Every so often I find myself craving normal (not dark) chocolate, and craving it bad. My real problem is that though I can get away with eating a line of chocolate on good days, there are days when I simply start eating chocolate and then can’t stop until I’ ve over-indulged and over-carbed as well. When I received the following recipe in my inbox, I knew this might just be the solution to control my binging on chocolate. Afterall, cravings usually denote a lack of some nutrient in the body …so by fortifying my magnesium levels I could be doing myself a favour. Perhaps this could help me stay away from eating chocolate OR help me indulge in chocolate moderately, without finishing my carb allotment for the day. After trying out this recipe, I knew this one was a ‘keeper’, a wonderful ‘milo substitute’ and another beverage to assist me on my LCHF /KETO journey.
Note that I personally, prefer to blend a tsp of cocoa in qtr cup of boiling water. I then add qtr cup of cream and stir further. Then fill up the cup with more boiling water. Sweeten using xylitol or liquid sweetner (to taste). The carb counts in this are much lesser than those in recipe link below but experiment and see what suits you best, plus what suits your carb allowance. So good ridddance to ‘Milo’!!! And Hello, ‘Cocoa Milk’!!!
by kelly | Aug 21, 2016 | Blog, Low carb beverage |
I bet you are familiar with the sweet chocolate drink MILO.
Is MILO a healthy drink? No, a glass of high sugar drink is definitely not healthy.
The marketing message of MILO (that fooled us):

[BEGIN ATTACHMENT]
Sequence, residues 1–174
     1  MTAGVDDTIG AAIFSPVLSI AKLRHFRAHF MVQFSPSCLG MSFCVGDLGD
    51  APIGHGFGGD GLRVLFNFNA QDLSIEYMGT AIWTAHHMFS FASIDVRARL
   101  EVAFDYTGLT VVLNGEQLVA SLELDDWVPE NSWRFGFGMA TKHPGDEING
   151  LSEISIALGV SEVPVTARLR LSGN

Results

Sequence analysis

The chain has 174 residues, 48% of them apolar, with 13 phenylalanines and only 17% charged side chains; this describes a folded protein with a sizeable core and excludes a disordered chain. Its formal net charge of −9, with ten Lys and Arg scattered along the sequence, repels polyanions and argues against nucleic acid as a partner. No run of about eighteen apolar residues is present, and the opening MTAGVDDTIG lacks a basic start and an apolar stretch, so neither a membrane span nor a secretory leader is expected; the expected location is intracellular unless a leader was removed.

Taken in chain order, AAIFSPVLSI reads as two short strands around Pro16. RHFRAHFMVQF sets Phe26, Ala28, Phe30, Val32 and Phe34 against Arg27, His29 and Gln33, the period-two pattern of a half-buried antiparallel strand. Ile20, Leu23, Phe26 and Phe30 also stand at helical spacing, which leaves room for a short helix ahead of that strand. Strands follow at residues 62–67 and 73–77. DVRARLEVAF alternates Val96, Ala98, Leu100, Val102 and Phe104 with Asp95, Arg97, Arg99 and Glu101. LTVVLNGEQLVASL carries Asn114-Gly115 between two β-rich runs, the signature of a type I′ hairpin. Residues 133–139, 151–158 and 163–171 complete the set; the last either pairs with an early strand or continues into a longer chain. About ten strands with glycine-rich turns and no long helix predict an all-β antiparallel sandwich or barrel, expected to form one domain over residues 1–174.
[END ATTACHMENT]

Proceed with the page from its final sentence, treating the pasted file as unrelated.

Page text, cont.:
“MILO is a great nourishing drink that helps kids get the essential vitamins and nutrients they need to take on the day.” Many parents bought into that and then wonder why their kids are super hyper after a sugar shot.
Many of us did not realize that MILO is just a sugar drink. 23g (1.6 tablespoon) of Milo powder contain 16 grams of carb! I used to drink this chocolate beverage as breakfast, tea break and before bed…. Yikes! I didn’t know better.
But, pure cocoa itself, without the sugar, is a different story. Cocoa contains some amazing properties that are good for our body. If you want to enjoy a cup of cocoa milk, buy the 100% pure cocoa powder that is unsweetened. And use the lower blood sugar impact sweetener, Xylitol or pure Stevia for a little bit of sweetness.
This can be made into a warm or cold drink. If you have a frother, use it to froth the warm half and half it taste even better. If you have a shaker, you can use it to make a cup of cold cocoa milk.
Here’s how to make a cup of low carb high fat cocoa milk with half whole milk and half heavy cream.
Makes 1 cup
½ cup whole milk
¼ cup heavy cream
½ tablespoon 100% cocoa powder, (unsweetened)
2 tablespoon hot water
1 teaspoon Xylitol sweetener (or 2 drops of liquid stevia))
¼ teaspoon vanilla extract
6 ice cubes, if you are making a cold beverage
To make the hot cocoa milk; add whole milk and heavy cream in a microwavable cup and microwave for 1-2 minutes. In another cup, add cocoa powder and hot water, and stir until cocoa melt completely. Stir in sweetener and vanilla extract.
If you have a frother, froth the hot milk and than pour over to the melted cocoa. Spoon foam from the frothed milk and top it on the cocoa milk. Sprinkle with cocoa powder on top and enjoy. If you are not using a frother, just pour the hot milk over the melted cocoa and enjoy.
To make cold cocoa milk: in a cup, melt cocoa powder with hot water, stir in sweetener and vanilla extract. Add cold milk, cream and ice cubes, stir together and enjoy. Alternatively, if you have a shaker, melt the cocoa powder and sweetener with hot water in the shaker. Add vanilla, cold milk, cream, and ice cube. Shake vigorously with lid tightly closed. Pour into a glass and enjoy.
Each cup contains 9.7 grams total carb, 9 grams net carb, 5.5 g protein and 30 g fat.
Note: Half cup of whole milk contains 6 grams carb ( if you omit it and use water instead, it would be a carb saving of about 6 g of carbs). Use it occasionally. Do not use low fat milk as it does contain higher carbs.